by Perrone L, Peluso G, Melone MA
    DOI: 10.1002/jcp.21474

    RAGE is a multiligand receptor of the immunoglobulin superfamily involved in regeneration of injured peripheral nerve and cell motility. RAGE is implicated in the development of various chronic diseases, such as neurodegenerative disorders, inflammatory responses, and diabetic complications. The correlation between RAGE endocytic trafficking and RAGE function is still uninvestigated. S100B is one of the ligands of RAGE. The molecular mechanisms responsible of S100B translocation in exocytic vesicles are still poorly investigated. In the present study we elucidate the role of RAGE endocytic trafficking in promoting S100B secretion in Schwann cells. Here we show that RAGE-induced secretion of S100B requires phosphorylated caveolin1-dependent endocytosis of RAGE. Endocytosis of RAGE in response to ligand binding promotes the fusion of endosomes with S100B-positive secretory vesicles. Src promotes the fusion of endosomes with S100B-secretory vesicles. Inhibition of src induces RAGE degradation. RAGE-mediated src activation induces cav1 phosphorylation and relocalization in the perinuclear compartment. RAGE signaling and recycling are required for S100-induced Schwann cells morphological changes and are inhibited by high-glucose, suggesting a possible link between diabetes and peripheral nerve injury. Indeed, high glucose inhibits RAGE-mediated src activation. Src inhibition blocks RAGE recycling, S100B secretion, and morphological changes. In summary, we identified a novel pathway of vesicular trafficking required for the amplification of RAGE signaling and cytoskeleton dynamics that is potentially involved in the regeneration of injured peripheral nerve.

  • A novel KIF5A/SPG10 mutation in spastic paraplegia associated with axonal neuropathy.

    Publication Date: 01/07/2008 on Journal of neurology
    by Tessa A, Silvestri G, de Leva MF, Modoni A, Denora PS, Masciullo M, Dotti MT, Casali C, Melone MA, Federico A, Filla A, Santorelli FM
    DOI: 10.1007/s00415-008-0840-8
  • Brg1 chromatin remodeling factor is involved in cell growth arrest, apoptosis and senescence of rat mesenchymal stem cells.

    Publication Date: 15/08/2007 on Journal of cell science
    by Napolitano MA, Cipollaro M, Cascino A, Melone MA, Giordano A, Galderisi U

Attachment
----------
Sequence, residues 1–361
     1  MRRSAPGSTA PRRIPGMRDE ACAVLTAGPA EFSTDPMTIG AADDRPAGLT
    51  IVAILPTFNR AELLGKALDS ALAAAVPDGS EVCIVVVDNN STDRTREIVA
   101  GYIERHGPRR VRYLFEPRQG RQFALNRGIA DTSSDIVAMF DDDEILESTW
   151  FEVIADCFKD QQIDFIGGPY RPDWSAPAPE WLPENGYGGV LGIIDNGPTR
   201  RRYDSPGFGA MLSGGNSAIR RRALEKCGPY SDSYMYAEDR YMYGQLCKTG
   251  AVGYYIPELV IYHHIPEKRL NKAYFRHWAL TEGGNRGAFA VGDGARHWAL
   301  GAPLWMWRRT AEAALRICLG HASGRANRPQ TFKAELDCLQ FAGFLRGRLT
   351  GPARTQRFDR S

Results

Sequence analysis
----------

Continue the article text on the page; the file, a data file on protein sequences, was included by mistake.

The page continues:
DOI: 10.1242/jcs.004002

    Self-renewal, proliferation and differentiation properties of stem cells are controlled by key transcription factors. However, their activity is modulated by chromatin remodeling factors that operate at the highest hierarchical level. Studies on these factors can be especially important to dissect molecular pathways governing the biology of stem cells. SWI/SNF complexes are adenosine triphosphate (ATP)-dependent chromatin remodeling enzymes that have been shown to be required for cell cycle control, apoptosis and cell differentiation in several biological systems. The aim of our research was to investigate the role of these complexes in the biology of mesenchymal stem cells (MSCs). To this end, in MSCs we caused a forced expression of the ATPase subunit of SWI/SNF (Brg1 - also known as Smarca4) by adenoviral transduction. Forced Brg1 expression induced a significant cell cycle arrest of MSCs in culture. This was associated with a huge increase in apoptosis that reached a peak 3 days after transduction. In addition, we observed signs of senescence in cells having ectopic Brg1 expression. At the molecular level these phenomena were associated with activation of Rb- and p53-related pathways. Inhibition of either p53 or Rb with E1A mutated proteins allowed us to hypothesize that both Rb and p53 are indispensable for Brg1-induced senescence, whereas only p53 seems to play a role in triggering programmed cell death. We also looked at the effects of forced Brg1 expression on canonical MSC differentiation in adipocytes, chondrocytes and osteocytes. Brg1 did not induce cell differentiation per se; however, this protein could contribute, at least in part, to the adipocyte differentiation process. In conclusion, our results suggest that whereas some ATP-dependent chromatin remodeling factors, such as ISWI complexes, promote stem cell self-renewal and conservation of an uncommitted state, others cause an escape from 'stemness' and induction of differentiation along with senescence and cell death phenomena.